To say I'm oblivious is an understatement; I'm male, graying, and, um, male. So the other day when my wife and I were in a local REI store, I didn't immediately grasp her point. "Look," she said. "Look at that."
Er, look at what? "At that! The last time I was looking for a bicycle bell at REI," she said, "I had to look in the children's section." Indeed, there was a healthy selection of bells and other commuter-related bicycling paraphernalia in a dedicated "Commuting" section.
Interesting, considering that most REI stores are located in sprawling parking-abundant mall locations--often adjacent to such earth-loving retailers as Walmart or Best Buy. (One might wonder what REI's " Stewardship" effort means, when they can't seem to develop stores in transit- and bike-friendly urban locations. Really, try to find an REI store that isn't surrounded by at least 200 parking spots...and online doesn't count.)
Despite some signs of a shift, the bike industry as a whole remains very much in the business of selling recreational equipment. A quick leaf through Bicycling will tell you that. For two decades the bike industry has pursued performance enhancements that offer precisely no benefit to commuting bicyclists, offering high-tech toys to competitive or athletic bicyclists. You know, maybe .5 percent of the American population? Us bicycle commuters? Well, we just kind of "got by." We commuted by bicycle in spite of the bike industry, not because of it.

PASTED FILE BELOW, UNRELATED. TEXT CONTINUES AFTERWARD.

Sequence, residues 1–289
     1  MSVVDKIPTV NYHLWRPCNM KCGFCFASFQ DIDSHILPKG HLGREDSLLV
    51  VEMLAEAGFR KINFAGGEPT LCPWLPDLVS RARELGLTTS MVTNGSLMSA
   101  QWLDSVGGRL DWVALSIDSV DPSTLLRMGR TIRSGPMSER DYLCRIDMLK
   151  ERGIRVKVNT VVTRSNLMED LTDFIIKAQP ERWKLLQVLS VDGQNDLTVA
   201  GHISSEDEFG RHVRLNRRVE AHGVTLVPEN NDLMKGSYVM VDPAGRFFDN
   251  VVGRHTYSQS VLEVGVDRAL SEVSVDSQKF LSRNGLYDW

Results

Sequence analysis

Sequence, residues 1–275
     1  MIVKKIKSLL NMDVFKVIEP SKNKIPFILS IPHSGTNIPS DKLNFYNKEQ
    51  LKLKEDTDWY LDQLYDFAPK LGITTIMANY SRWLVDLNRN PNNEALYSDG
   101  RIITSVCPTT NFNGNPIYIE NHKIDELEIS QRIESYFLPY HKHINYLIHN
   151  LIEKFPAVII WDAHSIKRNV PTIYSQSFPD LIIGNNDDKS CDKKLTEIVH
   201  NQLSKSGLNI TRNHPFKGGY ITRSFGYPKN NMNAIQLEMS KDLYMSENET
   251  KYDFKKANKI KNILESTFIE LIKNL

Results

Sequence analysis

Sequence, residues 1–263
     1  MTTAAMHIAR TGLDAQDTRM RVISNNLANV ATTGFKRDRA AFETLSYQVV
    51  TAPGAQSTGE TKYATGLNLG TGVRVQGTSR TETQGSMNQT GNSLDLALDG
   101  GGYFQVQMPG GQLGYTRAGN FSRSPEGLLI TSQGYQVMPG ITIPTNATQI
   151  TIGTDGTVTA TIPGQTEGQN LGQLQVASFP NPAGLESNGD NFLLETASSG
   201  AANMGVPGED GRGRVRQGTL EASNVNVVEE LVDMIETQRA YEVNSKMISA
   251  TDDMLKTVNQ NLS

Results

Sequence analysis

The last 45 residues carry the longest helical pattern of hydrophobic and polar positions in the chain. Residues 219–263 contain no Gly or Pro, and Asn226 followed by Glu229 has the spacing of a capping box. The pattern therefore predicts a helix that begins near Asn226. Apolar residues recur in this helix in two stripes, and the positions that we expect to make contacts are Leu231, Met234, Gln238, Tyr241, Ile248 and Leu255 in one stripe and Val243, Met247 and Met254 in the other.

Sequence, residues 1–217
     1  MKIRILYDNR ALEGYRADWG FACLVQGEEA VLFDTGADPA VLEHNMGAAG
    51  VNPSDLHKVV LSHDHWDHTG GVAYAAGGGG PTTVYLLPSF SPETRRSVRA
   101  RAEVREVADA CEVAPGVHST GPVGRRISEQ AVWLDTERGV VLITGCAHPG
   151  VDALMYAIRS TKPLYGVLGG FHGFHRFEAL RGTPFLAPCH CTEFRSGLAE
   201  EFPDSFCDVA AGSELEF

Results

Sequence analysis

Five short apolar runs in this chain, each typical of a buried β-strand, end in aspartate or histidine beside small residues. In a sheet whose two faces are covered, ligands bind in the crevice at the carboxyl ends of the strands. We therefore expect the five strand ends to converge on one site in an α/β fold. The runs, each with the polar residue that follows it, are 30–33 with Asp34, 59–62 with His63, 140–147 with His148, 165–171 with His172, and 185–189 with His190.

A "Commuting" section at REI. Another sign of the bicycle industry's growing interest in the bicycle commuting market? Maybe?!?